The iPhone 12 Max, by virtue of its size, just has Max battery, because there’s so much of it. Rated for up to 20 hours of video playback. On the flip side, the iPhone 12 mini, also by virtue of its lack of size, has mini battery life, because there’s just less battery. So it’s rated for only 15 hours of video playback.
The iPhone 12 Pro and iPhone 12 are both around 17 hours and so is the iPhone 11, and the iPhone XR is just behind with 16 hours. That leaves the iPhone SE dead last at 13 hours.
And, yeah, the iPhone 12s are all OLED and all A14, they get a boost. If you go on 5G though, especially mmWave in the US, that’ll drain away fast, especially on mmWave in the US.
They can all charge inductively on Qi standard pads up to 7.5 watts, but the iPhone 12s can also use the new MagSafe magnetic inductive charging system to get to 15 watts.
They all also have Lightning ports, sorry, still no USB-C, and can fast charge up to 50% in 30 minutes with something like Apple’s new 20 watt AC adapter.
So, the only big differences here, MagSafe aside, are bigger more expensive phones have longer battery life, and the little, less expensive phones have… less. Funny that physics.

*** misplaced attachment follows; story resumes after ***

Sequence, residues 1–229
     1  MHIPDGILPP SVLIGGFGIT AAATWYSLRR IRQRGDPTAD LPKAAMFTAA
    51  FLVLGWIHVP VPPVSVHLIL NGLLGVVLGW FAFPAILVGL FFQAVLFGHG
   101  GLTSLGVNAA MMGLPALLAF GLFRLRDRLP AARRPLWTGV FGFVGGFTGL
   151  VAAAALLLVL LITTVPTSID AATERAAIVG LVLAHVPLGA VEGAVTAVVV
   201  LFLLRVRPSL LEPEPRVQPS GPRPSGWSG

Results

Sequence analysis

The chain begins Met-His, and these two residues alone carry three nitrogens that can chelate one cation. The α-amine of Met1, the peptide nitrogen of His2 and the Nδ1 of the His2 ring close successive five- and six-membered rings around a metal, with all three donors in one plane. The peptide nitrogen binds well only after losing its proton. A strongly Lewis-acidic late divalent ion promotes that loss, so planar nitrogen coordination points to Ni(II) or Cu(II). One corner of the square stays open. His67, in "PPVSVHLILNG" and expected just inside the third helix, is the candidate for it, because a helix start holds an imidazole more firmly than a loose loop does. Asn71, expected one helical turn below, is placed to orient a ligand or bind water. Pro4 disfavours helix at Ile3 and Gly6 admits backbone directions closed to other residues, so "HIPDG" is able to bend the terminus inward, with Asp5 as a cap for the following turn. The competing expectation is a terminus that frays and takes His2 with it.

If you want the fastest, more energy efficient processor in the game right now, you’re going to have to go with the iPhone 12 and the brand new A14 Bionic. It’s on a 5 nanometer process, with better CPU, GPU, a 16 core neural engine, blazing fast machine learning, with 4GB of RAM for the regular models and 6GB for the Pros. That’s enough overhead for all the compute you need now, and probably 5 years or so of iOS updates down the road. So, like iOS 19 in 2025.
The 7 nanometer A13 Bionic in the iPhone 11 and iPhone SE is no slouch though, and probably still better than what’s in most other phones still to this day. Not quite as much compute as the A14, but still has 4GB of RAM, and that means you should still get up to 4 years of updates, to about iOS 18 in 2024.
The A12 Bionic in the iPhone XR is a little older now, but still 7 nanometer and similar architecture, just not as much power, 3GB of RAM, and probably only good for updates out to iOS 17 in 2023. Which, to be fair, is the maximum currently offered by the best of the best Android phones by the likes of Google and Samsung.
Day to day, you’ll only really notice the difference in things like how many photographic modes you get and how fast they resolve, and how long big apps like social media and games stay in memory before being jettisoned.
So, yeah, more is always better but enough is also enough. Especially with just how damn good Apple silicon is in general.